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Your Complete Guide To Wig Types

Posted on July 26 2018

Your Complete Guide To Wig Types

Wigs, lace fronts, closures, 360s, weaves, U-parts, vixen weaves, tape, glue, sew-ins, clips, bundles, wefts — OH MY. This is just the basic vocabulary associated with the various types of hair extensions. Feeling overwhelmed? Well, buckle up, because this is just the beginning.

In 2018, you can’t even tell if people actually changed up their hair game or if they are just being fake AF and sporting a wig. Since the possibilities are endless, it’s important to be armed with the right tools and information before you go out and purchase a wig. Like what actually is a lace front? What should you use to secure your wig? What is the best value overall for any type of wig unit? Feeling overwhelmed? We got you.

Joshua Pestka/Bustle
Joshua Pestka/Bustle

A lace frontal is probably one of the most well-known hair pieces you can get. Everyone from Yiroo Hair Lace Front Wig has mentioned their lace fronts in some capacity. The base is made entirely out of lace, designed to look like the wearer's scalp, so when it's applied, it will appear that the hair from the lace frontal is actually the hair growing from your head. It is worn on your hairline, covering it entirely from ear to ear. It can either be sew-in, applied with tape, or glued down (be careful: Morgan says the number one thing people mess up when it comes to wig units is getting glue in their real hair).

Lace fronts are made with the intent to protect your natural hair while still providing a flawless look to your wig unit. Typically, people who choose to get a lace frontal will have the rest of their hair weaved, since the frontal only covers, well, the front section of your hair. Morgan says that a lace front is the most versatile piece you can buy, because it can be parted anywhere when it is applied properly. A deep side part, a middle part, and pulled back into a bun or ponytail are all styles that are easily achievable with a lace front. Morgan also notes that with proper care (regular shampooing and conditioning and limited heat styling), a lace front can last about a year. The price isn't steep as a wig full, but they will set you back anywhere from $100 to $220 depending on length, color, and style.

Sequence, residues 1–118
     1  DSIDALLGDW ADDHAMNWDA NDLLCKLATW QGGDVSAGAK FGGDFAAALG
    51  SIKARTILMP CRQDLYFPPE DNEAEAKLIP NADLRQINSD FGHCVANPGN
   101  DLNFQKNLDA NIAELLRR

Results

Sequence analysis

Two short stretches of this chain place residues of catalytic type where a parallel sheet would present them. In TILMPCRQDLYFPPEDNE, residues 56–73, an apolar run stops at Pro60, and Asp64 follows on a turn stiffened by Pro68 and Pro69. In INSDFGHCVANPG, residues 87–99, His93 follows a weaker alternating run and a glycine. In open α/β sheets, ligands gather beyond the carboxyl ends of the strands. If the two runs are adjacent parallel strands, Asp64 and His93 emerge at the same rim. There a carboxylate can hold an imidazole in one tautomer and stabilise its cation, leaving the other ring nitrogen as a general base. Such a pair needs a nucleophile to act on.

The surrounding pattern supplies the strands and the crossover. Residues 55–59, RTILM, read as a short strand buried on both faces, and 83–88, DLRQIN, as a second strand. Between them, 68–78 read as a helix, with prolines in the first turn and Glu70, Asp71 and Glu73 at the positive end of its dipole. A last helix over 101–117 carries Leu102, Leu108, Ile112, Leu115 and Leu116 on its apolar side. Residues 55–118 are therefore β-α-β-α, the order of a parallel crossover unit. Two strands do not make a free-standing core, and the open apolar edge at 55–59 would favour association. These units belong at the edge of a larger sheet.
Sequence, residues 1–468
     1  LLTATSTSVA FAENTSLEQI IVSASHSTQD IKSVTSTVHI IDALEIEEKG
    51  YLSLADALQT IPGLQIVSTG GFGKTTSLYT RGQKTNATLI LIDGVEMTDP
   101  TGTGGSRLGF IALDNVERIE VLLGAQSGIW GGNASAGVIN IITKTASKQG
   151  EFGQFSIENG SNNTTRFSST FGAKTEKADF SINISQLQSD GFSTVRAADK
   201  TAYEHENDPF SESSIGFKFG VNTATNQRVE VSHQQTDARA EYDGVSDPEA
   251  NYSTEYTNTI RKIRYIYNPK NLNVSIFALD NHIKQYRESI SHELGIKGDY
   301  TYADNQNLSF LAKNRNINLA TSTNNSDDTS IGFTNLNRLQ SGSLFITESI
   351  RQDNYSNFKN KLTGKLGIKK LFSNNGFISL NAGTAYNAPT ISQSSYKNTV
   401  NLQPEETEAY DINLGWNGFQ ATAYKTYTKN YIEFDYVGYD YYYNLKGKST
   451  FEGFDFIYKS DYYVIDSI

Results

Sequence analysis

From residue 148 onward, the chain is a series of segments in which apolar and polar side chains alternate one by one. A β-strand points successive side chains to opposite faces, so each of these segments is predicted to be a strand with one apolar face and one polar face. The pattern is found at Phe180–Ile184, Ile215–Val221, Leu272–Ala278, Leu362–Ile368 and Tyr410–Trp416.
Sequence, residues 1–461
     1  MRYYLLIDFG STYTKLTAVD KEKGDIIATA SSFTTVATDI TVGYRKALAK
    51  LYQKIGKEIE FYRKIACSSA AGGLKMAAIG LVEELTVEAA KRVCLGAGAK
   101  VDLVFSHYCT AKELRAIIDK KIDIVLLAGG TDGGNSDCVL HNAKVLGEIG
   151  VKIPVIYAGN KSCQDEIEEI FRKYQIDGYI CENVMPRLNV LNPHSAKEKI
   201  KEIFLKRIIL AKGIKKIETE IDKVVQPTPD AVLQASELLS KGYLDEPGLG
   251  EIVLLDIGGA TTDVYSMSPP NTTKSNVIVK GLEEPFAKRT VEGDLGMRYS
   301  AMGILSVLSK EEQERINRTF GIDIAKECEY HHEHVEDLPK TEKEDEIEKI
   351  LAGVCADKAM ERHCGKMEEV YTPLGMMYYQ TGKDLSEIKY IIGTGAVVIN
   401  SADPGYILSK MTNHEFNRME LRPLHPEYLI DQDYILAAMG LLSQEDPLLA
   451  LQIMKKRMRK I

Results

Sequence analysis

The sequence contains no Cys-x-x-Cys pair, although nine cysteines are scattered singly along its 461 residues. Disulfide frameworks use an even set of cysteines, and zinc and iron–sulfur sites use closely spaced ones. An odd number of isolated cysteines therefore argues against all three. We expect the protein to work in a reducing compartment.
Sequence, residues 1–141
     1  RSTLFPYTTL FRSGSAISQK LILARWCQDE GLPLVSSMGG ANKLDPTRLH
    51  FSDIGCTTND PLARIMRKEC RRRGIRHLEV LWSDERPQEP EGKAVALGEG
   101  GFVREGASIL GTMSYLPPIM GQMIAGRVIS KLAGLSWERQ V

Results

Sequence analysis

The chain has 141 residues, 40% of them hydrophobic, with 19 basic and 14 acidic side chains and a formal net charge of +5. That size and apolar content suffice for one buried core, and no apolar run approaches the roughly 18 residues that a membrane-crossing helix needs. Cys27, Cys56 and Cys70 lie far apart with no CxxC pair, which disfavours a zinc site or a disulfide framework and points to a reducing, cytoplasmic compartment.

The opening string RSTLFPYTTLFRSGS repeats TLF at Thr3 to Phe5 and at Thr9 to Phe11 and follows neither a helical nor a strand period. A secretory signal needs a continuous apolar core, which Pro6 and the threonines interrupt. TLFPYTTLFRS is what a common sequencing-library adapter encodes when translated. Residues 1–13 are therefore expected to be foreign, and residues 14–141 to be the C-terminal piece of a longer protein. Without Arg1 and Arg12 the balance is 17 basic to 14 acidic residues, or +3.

Closures

Joshua Pestka/Bustle
Joshua Pestka/Bustle
Joshua Pestka/Bustle

Last but not least, we have a closure. A closure is also made out of lace but differs from a frontal in that it only covers a very specific section of your hair instead of the entire hairline. They are typically around 4-by-4 inches and shaped like a horseshoe. Closures are meant to be sewn in after a full weave install or a weave install with minimal hair left out so it is able to blend with the closure. The goal is to always have the closure look like the hair is growing directly from your scalp and that can be achieved with or without a little bit of your natural hair exposed.

Although a closure is a little more limiting stylistically than the other pieces because the coverage area is smaller, Morgan says that a closure is the easiest piece to style. If you have naturally curly hair, this is the one for you! Morgan says blending a closure and naturally curly hair is the easiest and can look the most natural. Plus, it's great for your wallets: Closures are the cheapest of all wig types, and generally cost between $80 and $180. Hey, good hair will always cost a little something!

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